Tamera Bennett was tapped in July 2008 by LAW360, an online legal newswire, to voice her opinions regarding the international trademark dispute between Anheuser-Busch and state-owned Czech brewer Budejovicky Budvar NP in light of the pending acquisition of Anheuser-Busch by Belgium beer maker InBev NV. The article is reprinted below.
Trademark Dispute Hovers Over Anheuser, InBev Deal By Jesse Greenspan Law360, New York, July 23, 2008. The acquisition of Anheuser-Busch Cos. Inc. by InBev NV could make a settlement more likely in the century-long trademark war over the Budweiser brand, according to lawyers following the matter.
St. Louis-based Anheuser-Busch and state-owned Czech brewer Budejovicky Budvar NP are currently involved in dozens of lawsuits over the use of the Budweiser name. The dispute goes all the way back to 1906, when Budvar first exported beer to the United States.
Joe Dreitler, a trademark attorney with Bricker & Eckler LLP who worked in Anheuser-Busch's legal department from 1993 to 1996, said so many personal issues had become intertwined with the legal issues over the last 100 years that it had become hard to negotiate.
“It just never got anywhere, simply because it was very emotional and there was a lack of trust,” Dreitler said.
He said that somebody who came in with a fresh approach and didn't have a lot of baggage could absolutely resolve the dispute.
“I think it can be done in a way that protects the rights of both parties and allows them to compete,” Dreitler said.
He pointed out that Anheuser-Busch and Budvar produce two very different beers.
“The bottles look different, the cans look different and they taste different,” Dreitler said. “They are very different products, and the people who drink them are looking for a very different experience.
“Both of them are well known, both of them have good reputations and both of them have a following.”
Dreitler said the key to a resolution would be for both sides to agree they can co-exist.
“We're not going to try and acquire you, you're not going to try and acquire us, we're not going to try to keep you out of the U.S., you're not going to try to keep us out of Europe,” he said.
They could then agree on labeling to make sure the two beers are not easily confused, he added.
“I think it would be an interesting ending to a long lawsuit,” Dreitler said. “It would be sort of a casebook study of how you can resolve things even if they've gone on for 100 years.”
Tamera H. Bennett, founder of the Bennett Law Office PC, a boutique copyright, trademark and entertainment law firm, was less optimistic.
“Obviously, I don't know what their internal strategies are going to be, but in the end I would say it's not going to change a lot,” Bennett said.
She added that each company will continue to expand into new territories and that each new territory will bring a new conflict.
“We won't be here in 100 years, but our grandchildren will be having the same conversation because those brands will still be here,” Bennett said.
She said it was not really viable for the companies to agree to co-exist, and that the dispute would likely end only if InBev acquired Budvar from the Czech government.
“Maybe the Czech government would be more willing to sell the brand to a non-U.S.-owned entity,” Bennett said.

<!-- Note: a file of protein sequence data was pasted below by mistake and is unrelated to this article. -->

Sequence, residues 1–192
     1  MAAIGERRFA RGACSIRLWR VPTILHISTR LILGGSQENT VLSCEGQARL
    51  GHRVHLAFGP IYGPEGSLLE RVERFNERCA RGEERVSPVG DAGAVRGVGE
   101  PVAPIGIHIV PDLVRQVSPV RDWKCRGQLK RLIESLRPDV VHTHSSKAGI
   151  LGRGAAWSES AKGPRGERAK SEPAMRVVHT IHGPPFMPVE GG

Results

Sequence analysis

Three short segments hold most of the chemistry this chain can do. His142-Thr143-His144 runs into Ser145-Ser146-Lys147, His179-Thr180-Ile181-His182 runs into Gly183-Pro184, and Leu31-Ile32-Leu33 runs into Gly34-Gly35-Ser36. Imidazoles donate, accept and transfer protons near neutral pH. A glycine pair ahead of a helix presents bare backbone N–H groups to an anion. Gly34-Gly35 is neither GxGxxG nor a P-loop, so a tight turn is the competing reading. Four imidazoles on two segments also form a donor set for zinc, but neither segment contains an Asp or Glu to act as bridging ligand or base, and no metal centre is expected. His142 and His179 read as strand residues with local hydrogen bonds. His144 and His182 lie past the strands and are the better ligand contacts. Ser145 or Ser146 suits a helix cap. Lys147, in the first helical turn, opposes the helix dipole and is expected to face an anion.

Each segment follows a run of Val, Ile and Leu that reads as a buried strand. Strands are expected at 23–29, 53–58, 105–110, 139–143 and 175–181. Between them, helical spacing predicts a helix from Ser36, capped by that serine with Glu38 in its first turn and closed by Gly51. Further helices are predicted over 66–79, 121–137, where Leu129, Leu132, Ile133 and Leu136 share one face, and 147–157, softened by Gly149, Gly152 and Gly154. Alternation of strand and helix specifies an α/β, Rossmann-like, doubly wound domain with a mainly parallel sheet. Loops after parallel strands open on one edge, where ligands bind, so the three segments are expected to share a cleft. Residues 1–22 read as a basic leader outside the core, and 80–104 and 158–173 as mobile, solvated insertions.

Anheuser-Busch previously entered into discussions to buy the Budvar brand, but the Czech government refused to sell, partly out of fear the brewery would be shut down.
Birgit Clark, a trademark attorney with U.K.-based Boult Wade Tennant, said Budvar may have missed its chance to make a lot of money by selling its trademarks.
She said Anheuser-Busch was interested in the marks mainly to gain a market share in the competitive European beer market. She added, however, that because InBev already owns various European brands, including those in the Czech Republic, it will not be as interested in Budvar.
“Overall, I believe the whole thing will calm down considerably, and the Czech stakeholders in Budejovicky Budvar seem to have missed some big opportunity to sell their share to Anheuser-Busch when there was still time to do so,” Clark said.
Last year the Czech government announced it would look to privatize Budvar. But this Tuesday, it said it would not have time to complete the privatization of the brewery before its term in office expires in 2010.
Petr Samec, a spokesman for Budvar, said Anheuser-Busch will exist in the future and that only its owner has changed.
“We do not expect any changes in trademark disputes,” he said.
“It is something that Anheuser-Busch InBev would like to settle,” said Gwendoline Ornigg, a spokeswoman for InBev. “We have great respect for their brand, as well, and would like to reach a mutually beneficial agreement.”
Budejovicky Budvar was founded in 1895 in Ceske Budejovice — called Budweis by the German-speaking people that populated the area at the time. Beer has been brewed there since 1265.
Anheuser-Busch, established in the United States in 1852, used the name Budweiser for its product because it was well-known in the German homeland of its founders. The first bottles of Budweiser were brewed in 1876.
Earlier this month, Anheuser-Busch and Belgium-based InBev, which makes Stella Artois and Beck's, announced that Anheuser's board of directors had unanimously approved InBev's $70-per-share, all-cash offer.
The $52 billion deal would create a new company called Anheuser-Busch InBev whose chief executive would be current InBev CEO Carlos Brito and of which Anheuser would be a wholly owned subsidiary.
--Additional reporting by Marc Tracy Copyright 2008 Portfolio Media. Reprinted by permission.